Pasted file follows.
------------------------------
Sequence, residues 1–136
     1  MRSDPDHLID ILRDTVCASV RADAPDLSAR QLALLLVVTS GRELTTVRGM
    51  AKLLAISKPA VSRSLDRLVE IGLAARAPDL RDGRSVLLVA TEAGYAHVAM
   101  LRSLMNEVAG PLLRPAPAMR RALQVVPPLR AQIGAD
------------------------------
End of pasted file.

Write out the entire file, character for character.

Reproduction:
Sequence, residues 1–136
     1  MRSDPDHLID ILRDTVCASV RADAPDLSAR QLALLLVVTS GRELTTVRGM
    51  AKLLAISKPA VSRSLDRLVE IGLAARAPDL RDGRSVLLVA TEAGYAHVAM
   101  LRSLMNEVAG PLLRPAPAMR RALQVVPPLR AQIGAD